He was on fire, traveling the country, making speeches, debating anti-Zionists and having affairs. David also traveled to the Soviet Union several times on clandestine missions for the Israeli prime minister’s office to meet with Jewish activists. In Kiev, in one of his proudest moments, he found time to urinate on the statue of the murderous Cossack leader Chmielnicki. His experiences in the Soviet Union made him a passionate anti-communist, which often put him at odds with his friends and allies on the left. Meanwhile, our Habonim group was planning our imagined kibbutz. The kibbutz movement leadership didn’t take us seriously, assuming American hippies couldn’t run a farm. They pressured us to join a young kibbutz in the occupied territories. We refused, and in 1974 we got permission to take over the abandoned Kibbutz Gezer, near the Tel Aviv-Jerusalem highway.

From the kibbutz, David was recruited almost immediately to work at Labor Party headquarters in Tel Aviv, where he was considered a protégé of Abba Eban. He served in the party’s international relations bureau, working with the Socialist International in London, and edited an English-language political magazine, Spectrum. He also launched a kibbutz movement literary journal, Shdemot. In 1982 his artillery unit saw combat outside Beirut. Coming home, he was assigned to the Knesset as a legislative aide and became part of a Young Turks group that included Yossi Beilin and Avraham Burg.

In 1986, concerned about his father’s age and health, he returned to America. By now he was married to Israeli television journalist Ginny Medved and father of a young son, Michael. When the Forward Association launched its English-language weekly in 1990, he signed on as deputy editor and Washington bureau chief. He brought me on as New York correspondent.

David’s years at the Forward were among the most fruitful and controversial of his life. Plunging in headfirst, he broke several sensational scoops that embarrassed the new Clinton administration and infuriated many of his old friends. Most famously, he unearthed information that sabotaged the job prospects of Johnnetta Cole, a Clinton transition team appointee who was considered a leading candidate for secretary of education, and Lani Guinier, a law professor who was nominated to be assistant attorney general for civil rights.

In the mid-1990s, the Twerskys moved again, this time to New Jersey. The children were growing, David’s father was aging and David wanted to cement a living bond. Accepting an apparent demotion, he took the reins at the MetroWest Jewish News, the local Jewish federation organ. Over the next five years he took over four smaller federation weeklies and made the renamed New Jersey Jewish News into a heavyweight player in state politics, alternately wooed, consulted and feared by successive senators and governors.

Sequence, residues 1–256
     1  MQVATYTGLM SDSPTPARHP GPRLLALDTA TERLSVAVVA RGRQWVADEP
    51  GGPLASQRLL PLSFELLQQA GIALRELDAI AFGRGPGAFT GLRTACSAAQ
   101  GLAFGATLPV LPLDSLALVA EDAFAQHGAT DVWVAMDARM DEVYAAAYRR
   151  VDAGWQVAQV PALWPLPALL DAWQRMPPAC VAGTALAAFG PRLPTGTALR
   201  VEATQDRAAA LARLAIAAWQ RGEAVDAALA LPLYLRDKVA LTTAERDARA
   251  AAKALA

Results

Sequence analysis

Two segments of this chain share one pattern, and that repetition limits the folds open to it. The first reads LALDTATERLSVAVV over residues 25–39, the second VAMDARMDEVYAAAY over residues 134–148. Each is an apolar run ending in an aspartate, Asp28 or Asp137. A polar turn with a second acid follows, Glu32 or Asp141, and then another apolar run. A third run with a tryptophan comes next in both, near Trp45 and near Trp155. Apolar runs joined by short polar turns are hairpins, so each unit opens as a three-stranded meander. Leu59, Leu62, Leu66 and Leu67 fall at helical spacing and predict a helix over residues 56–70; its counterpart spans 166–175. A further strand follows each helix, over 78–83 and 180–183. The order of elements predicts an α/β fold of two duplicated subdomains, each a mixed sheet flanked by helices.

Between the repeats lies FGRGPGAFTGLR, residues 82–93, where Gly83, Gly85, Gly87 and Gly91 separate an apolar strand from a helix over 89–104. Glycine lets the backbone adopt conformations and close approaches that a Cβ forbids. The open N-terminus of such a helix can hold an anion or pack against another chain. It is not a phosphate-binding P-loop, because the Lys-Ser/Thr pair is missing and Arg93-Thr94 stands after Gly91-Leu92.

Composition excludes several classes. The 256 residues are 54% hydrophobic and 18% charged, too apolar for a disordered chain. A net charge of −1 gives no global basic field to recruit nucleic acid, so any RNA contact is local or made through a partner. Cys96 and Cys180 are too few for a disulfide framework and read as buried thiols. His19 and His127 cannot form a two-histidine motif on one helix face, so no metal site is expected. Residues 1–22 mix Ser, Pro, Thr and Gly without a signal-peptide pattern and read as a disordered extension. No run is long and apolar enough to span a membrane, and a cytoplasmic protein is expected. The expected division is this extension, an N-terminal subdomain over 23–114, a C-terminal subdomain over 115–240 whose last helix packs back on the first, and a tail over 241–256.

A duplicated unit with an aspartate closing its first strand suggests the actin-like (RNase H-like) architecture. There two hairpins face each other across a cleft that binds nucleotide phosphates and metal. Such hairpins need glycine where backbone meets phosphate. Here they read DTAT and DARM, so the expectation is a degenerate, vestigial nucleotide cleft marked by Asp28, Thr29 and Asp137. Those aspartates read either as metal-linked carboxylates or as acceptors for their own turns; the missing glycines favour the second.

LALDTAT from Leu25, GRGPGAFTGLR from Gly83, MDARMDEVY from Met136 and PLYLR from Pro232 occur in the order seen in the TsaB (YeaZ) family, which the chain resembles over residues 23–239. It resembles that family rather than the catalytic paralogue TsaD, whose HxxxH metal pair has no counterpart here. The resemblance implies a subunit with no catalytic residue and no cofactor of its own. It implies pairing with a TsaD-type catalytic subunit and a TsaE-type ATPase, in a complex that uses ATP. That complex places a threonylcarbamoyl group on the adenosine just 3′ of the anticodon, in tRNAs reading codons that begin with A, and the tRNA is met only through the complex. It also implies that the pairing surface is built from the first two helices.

Finally, during the second Bush administration, David returned to global politics as international affairs director of the American Jewish Congress. Among other things, he developed critical back-channel contacts with the governments of Pakistan, Venezuela and Russia. The Jewish world got a little safer, and my son got Pervez Musharraf’s autograph. David retired in 2008 when his cancer began to limit his mobility.

Last March, four months before his death, a group of old friends arranged for David to visit Israel one last time. He was already weak, and I went along as his driver and porter. We drove down to our old year-program kibbutz in the Negev, out to Gezer, up to Jerusalem. He showed his old haunts to his daughter Anna, who was studying at Tel Aviv University. At each stop another group gathered to reminisce and catch up.

In Jerusalem, a crowd of 100 or more came from around the country for an evening of toasting and recounting how David taught and inspired and infuriated and made us laugh. I’m told he looked exhausted, perhaps nearing the end. I must have missed that; I was somewhere else in my mind, arguing politics, weeding cotton, singing on a grassy field somewhere. I guess I thought we had forever. As usual, he knew better.

Contact J.J. Goldberg at goldberg@forward.com and follow his blog at www.forward.com